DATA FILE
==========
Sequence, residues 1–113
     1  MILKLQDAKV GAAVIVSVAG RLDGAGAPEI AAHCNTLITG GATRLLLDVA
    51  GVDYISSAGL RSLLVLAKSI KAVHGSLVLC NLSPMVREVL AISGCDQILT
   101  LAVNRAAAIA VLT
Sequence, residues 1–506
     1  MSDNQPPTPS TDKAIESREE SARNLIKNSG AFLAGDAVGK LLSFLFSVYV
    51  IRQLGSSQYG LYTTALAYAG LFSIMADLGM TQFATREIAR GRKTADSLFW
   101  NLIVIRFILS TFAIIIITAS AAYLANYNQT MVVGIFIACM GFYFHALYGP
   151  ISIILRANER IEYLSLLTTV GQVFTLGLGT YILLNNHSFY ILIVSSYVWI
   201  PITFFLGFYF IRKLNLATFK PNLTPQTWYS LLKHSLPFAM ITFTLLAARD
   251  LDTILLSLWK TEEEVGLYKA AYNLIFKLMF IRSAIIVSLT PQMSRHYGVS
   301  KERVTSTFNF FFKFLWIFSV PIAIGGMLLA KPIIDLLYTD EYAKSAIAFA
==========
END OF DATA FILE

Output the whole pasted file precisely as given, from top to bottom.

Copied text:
Sequence, residues 1–113
     1  MILKLQDAKV GAAVIVSVAG RLDGAGAPEI AAHCNTLITG GATRLLLDVA
    51  GVDYISSAGL RSLLVLAKSI KAVHGSLVLC NLSPMVREVL AISGCDQILT
   101  LAVNRAAAIA VLT
Sequence, residues 1–506
     1  MSDNQPPTPS TDKAIESREE SARNLIKNSG AFLAGDAVGK LLSFLFSVYV
    51  IRQLGSSQYG LYTTALAYAG LFSIMADLGM TQFATREIAR GRKTADSLFW
   101  NLIVIRFILS TFAIIIITAS AAYLANYNQT MVVGIFIACM GFYFHALYGP
   151  ISIILRANER IEYLSLLTTV GQVFTLGLGT YILLNNHSFY ILIVSSYVWI
   201  PITFFLGFYF IRKLNLATFK PNLTPQTWYS LLKHSLPFAM ITFTLLAARD
   251  LDTILLSLWK TEEEVGLYKA AYNLIFKLMF IRSAIIVSLT PQMSRHYGVS
   301  KERVTSTFNF FFKFLWIFSV PIAIGGMLLA KPIIDLLYTD EYAKSAIAFA